Complex segregation analysis provides compelling evidence for a major gene underlying obsessive-compulsive disorder and for heterogeneity by sex

G. Nestadt, T. Lan, J. Samuels, M. Riddle, O. J. Bienvenu, K. Y. Liang, R. Hoehn-Saric, B. Cullen, M. Grados, T. H. Beaty, Y. Y. Shugart

Research output: Contribution to journalArticlepeer-review

Abstract

Evidence from twin and family studies supports a genetic etiology for obsessive-compulsive disorder (OCD). The purpose of this study was to test whether a major gene is implicated in a proportion of families with OCD. Complex segregation analyses of 153 families (80 case and 73 control), ascertained in the Johns Hopkins OCD Family Study, provided strong evidence for a major gene. A Mendelian-dominant model, with significant sex effects and with residual familial effects, best explained the observed data. Stratification of the sample by the sex of probands provided further evidence of heterogeneity with respect to familial aggregation. Segregation analyses of 86 families with a female proband and of the 67 families with a male proband suggested that a Mendelian-dominant model with familial residual effects was the most parsimonious model explaining the inheritance of OCD in both subgroups.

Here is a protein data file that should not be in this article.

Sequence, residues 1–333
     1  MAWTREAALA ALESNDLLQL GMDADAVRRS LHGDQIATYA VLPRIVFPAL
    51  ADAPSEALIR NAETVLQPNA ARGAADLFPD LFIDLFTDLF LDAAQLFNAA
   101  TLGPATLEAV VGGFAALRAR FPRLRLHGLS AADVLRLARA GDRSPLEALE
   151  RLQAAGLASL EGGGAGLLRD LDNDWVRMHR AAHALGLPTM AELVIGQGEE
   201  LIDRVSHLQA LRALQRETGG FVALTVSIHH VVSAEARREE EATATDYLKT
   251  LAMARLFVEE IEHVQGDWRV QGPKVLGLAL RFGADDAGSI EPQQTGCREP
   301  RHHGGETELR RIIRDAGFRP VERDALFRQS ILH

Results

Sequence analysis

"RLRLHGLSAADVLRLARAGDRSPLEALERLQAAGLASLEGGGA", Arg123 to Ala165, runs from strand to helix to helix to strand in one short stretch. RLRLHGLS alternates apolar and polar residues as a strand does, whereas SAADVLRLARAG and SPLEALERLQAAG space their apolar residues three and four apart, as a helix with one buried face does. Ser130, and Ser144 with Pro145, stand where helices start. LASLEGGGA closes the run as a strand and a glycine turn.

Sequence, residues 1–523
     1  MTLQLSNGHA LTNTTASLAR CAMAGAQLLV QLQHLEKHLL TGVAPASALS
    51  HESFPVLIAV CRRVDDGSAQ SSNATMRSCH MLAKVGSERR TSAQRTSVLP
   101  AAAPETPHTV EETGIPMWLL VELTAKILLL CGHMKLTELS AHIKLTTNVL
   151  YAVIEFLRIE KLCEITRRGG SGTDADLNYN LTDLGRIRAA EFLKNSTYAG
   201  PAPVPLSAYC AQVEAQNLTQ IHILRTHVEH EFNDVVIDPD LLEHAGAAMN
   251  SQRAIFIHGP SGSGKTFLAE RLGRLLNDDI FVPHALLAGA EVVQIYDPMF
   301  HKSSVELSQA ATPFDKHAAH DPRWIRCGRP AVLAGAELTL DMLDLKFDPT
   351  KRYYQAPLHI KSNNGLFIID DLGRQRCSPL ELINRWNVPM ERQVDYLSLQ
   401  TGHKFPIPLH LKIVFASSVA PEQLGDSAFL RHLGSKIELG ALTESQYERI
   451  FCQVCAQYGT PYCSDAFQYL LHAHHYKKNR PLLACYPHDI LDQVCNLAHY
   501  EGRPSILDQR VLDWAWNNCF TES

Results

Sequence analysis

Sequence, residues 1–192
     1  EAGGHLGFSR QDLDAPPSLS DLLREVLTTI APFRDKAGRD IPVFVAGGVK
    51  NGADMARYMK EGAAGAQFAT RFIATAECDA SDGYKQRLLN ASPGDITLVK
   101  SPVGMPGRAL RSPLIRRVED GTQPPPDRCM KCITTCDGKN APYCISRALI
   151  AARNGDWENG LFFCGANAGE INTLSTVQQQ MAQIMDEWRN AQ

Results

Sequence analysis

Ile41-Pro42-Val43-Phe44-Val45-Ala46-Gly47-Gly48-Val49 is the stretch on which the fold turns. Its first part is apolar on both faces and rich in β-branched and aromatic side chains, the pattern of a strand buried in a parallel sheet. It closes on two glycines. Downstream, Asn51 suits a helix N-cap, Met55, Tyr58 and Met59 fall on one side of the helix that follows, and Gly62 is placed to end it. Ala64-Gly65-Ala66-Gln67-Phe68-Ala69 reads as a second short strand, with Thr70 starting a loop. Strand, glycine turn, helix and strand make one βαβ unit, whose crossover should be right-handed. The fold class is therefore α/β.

Original languageEnglish (US)
Pages (from-to)1611-1616
Number of pages6
JournalAmerican journal of human genetics
Volume67
Issue number6
DOIs
StatePublished - 2000

ASJC Scopus subject areas

  • Genetics
  • Genetics(clinical)

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